Words Matter in Art & Life

You must let no unwholesome word come out of your mouth, but only what is beneficial for the building up of the one in need, that it may give grace to those who hear. Ephesians 4:29

Most folks know by now that I’ve become increasingly immersed in my writing craft, creating poetry and fiction books.  I’m a member of the Poetry Society of Texas, the Pennsylvania Poetry Society, and Catoctin Voices, a local poetry group for which I have twice served as featured poet.  As Tumbleweed, I do manage to tumble around to various literary events.  Recently, I was confronted with a shocking reality.  I attended poetry readings at a Gettysburg-based poetry group.  These events generally consist of an hour of “open mic” whereby local poets may read their creations, and this is followed by a featured guest poet.  The featured poet is usually a published poet, is often a college professor, and likely has received awards for their poetry.  (My cousin Mary Maud Dunn Wright [pseud. Lilith Lorraine] was a much-awarded poet and novelist.)

Back to the event.  There were about 20 open mic participants, many of them local college students.  There was some really good word art delivered, and there was some arguably very bad material.  In my experience, what is good to one person may not be so good to another and that’s to be expected.  My concern, however, is with the trend toward ever more frequent use of truly vile language.   The student poetry in particular was liberally laced with expletives.  I was shocked.

My English teachers taught me that folks tended to resort to vile language, when they lacked language skills.  As an English major back at University of Maryland, I recall two semesters of Shakespeare as taught by a professor whose doctoral thesis was on the Bard’s use of sexual imagery.  They were fascinating courses, and I expect that in Shakespeare’s time the material was considered quite racy.  However, the audiences had a pretty good idea of what to expect.  There were no surprises.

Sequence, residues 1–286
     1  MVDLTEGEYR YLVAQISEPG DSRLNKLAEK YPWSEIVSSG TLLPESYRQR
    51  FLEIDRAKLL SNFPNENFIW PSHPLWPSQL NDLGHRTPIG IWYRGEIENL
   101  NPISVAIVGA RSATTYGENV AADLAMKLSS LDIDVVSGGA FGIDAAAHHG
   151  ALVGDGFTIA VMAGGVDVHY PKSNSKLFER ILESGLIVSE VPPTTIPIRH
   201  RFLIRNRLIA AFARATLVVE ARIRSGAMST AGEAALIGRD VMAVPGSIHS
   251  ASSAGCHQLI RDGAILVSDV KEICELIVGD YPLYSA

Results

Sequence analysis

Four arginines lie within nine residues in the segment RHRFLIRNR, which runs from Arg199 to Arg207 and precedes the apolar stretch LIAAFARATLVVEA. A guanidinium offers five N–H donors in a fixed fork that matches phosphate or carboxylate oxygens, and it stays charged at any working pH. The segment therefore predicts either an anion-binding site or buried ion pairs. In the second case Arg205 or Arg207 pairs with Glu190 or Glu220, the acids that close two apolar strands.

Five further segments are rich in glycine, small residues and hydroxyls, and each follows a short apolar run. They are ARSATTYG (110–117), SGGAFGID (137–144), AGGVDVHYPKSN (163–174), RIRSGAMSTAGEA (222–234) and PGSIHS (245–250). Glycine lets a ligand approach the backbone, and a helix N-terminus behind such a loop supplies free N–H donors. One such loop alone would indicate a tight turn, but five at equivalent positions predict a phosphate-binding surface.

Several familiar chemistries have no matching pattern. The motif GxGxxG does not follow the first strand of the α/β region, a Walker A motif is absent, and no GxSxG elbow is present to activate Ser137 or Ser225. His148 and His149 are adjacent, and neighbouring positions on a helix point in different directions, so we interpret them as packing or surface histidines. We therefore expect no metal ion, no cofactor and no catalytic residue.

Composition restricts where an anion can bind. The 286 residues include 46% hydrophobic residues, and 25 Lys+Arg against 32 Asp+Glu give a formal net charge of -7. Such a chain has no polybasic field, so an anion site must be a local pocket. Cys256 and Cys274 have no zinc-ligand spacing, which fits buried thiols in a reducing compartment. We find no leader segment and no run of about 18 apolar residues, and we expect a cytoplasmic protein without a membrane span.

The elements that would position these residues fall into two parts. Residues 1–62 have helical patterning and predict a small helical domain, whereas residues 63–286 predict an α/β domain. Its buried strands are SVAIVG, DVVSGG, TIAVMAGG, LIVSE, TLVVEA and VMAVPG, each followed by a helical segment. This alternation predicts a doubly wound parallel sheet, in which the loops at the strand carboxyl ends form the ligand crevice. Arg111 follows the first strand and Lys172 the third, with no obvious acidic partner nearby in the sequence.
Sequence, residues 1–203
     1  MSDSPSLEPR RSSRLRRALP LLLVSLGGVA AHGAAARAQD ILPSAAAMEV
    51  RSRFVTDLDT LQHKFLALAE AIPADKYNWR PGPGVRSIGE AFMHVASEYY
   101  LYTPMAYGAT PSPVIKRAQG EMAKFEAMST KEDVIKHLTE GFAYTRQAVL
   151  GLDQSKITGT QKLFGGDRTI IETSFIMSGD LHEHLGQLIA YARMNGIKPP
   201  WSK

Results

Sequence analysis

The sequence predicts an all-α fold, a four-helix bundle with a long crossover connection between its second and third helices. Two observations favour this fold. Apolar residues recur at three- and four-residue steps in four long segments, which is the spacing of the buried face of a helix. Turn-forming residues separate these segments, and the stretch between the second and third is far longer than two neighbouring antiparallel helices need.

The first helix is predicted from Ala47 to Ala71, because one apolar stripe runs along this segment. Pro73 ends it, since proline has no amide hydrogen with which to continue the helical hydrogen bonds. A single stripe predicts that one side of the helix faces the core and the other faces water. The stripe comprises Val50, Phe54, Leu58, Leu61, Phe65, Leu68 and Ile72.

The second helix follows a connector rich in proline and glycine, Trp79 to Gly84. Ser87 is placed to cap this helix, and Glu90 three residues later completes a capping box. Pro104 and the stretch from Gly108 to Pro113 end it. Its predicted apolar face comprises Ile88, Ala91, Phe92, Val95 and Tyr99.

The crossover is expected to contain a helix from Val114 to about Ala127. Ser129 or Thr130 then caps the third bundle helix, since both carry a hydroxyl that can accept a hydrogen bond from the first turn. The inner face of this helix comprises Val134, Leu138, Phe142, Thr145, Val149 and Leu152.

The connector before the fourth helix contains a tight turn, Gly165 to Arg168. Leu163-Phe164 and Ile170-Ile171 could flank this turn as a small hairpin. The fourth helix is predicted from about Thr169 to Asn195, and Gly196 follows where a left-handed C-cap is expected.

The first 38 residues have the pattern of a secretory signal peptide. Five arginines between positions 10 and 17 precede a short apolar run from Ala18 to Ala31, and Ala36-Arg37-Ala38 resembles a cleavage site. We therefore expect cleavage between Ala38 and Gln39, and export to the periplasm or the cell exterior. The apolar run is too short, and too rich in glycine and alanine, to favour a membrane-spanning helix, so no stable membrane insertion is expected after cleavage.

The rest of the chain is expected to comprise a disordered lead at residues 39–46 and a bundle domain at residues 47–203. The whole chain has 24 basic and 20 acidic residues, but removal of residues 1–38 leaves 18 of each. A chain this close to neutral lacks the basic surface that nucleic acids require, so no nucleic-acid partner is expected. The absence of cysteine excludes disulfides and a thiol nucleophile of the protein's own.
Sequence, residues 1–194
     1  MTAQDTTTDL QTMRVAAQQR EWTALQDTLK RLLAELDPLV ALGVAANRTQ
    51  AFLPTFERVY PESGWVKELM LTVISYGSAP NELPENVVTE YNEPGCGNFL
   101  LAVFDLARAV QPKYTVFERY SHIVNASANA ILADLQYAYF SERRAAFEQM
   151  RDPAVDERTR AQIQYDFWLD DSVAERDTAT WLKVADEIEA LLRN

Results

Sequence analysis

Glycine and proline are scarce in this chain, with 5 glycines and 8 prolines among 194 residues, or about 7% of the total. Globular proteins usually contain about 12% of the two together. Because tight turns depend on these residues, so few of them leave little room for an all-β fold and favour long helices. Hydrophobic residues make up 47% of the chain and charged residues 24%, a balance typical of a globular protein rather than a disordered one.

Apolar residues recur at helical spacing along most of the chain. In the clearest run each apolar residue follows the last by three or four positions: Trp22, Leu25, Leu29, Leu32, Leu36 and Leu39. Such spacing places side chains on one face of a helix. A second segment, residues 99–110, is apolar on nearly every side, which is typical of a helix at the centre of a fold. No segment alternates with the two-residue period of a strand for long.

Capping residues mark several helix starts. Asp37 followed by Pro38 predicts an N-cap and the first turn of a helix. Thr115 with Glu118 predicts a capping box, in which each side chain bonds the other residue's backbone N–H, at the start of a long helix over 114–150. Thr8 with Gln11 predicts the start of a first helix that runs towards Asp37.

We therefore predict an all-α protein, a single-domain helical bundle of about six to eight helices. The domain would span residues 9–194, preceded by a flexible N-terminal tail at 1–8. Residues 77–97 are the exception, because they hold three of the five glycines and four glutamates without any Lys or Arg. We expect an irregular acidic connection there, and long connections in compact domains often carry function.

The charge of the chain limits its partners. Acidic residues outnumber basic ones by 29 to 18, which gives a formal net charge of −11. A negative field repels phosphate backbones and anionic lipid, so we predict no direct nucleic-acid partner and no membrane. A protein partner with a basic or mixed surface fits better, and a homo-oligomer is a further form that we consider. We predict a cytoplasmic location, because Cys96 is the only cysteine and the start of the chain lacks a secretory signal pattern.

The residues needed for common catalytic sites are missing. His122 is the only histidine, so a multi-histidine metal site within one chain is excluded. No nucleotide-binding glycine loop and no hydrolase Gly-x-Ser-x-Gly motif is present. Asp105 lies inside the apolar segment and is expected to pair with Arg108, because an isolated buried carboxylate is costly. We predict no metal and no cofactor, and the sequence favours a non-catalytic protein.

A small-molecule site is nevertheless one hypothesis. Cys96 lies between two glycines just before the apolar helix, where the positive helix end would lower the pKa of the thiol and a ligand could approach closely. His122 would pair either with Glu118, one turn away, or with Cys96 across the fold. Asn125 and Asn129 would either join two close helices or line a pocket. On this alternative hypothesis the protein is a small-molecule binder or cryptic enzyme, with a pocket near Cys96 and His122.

I did leave the poetry event early, because I simply couldn’t tolerate the language used by the featured English professor poet and her student acolytes.  Pity, as there were some worthy poetic subjects shattered on the rocks of ill-chosen verbiage.

I don’t consider myself a prude, but I wouldn’t dream of inserting expletives in my own poetry.  In Proverbs 16:23, we are advised “The hearts of wise people guide their mouths.  Their words make people want to learn more.”  Surely, our poetry should reflect that advice.

I don’t believe in censorship on the one hand, but I believe the choice of receiving offensive material should rest with the receivers.  There were certainly guests in the room that Friday evening who were shocked by the language (their discomfort was obvious).  In fact, shock was likely the poet’s goal.  But few in our culture today are likely to take such abominable purveyors of poetic license to task.  It’s a sad commentary indeed that the morality of our culture should be so low.  After all, Ephesians 3:7 tells us that there’s a time to keep silent and a time to speak.  I suggest it’s time to speak against the corruption of our morals and of our language.

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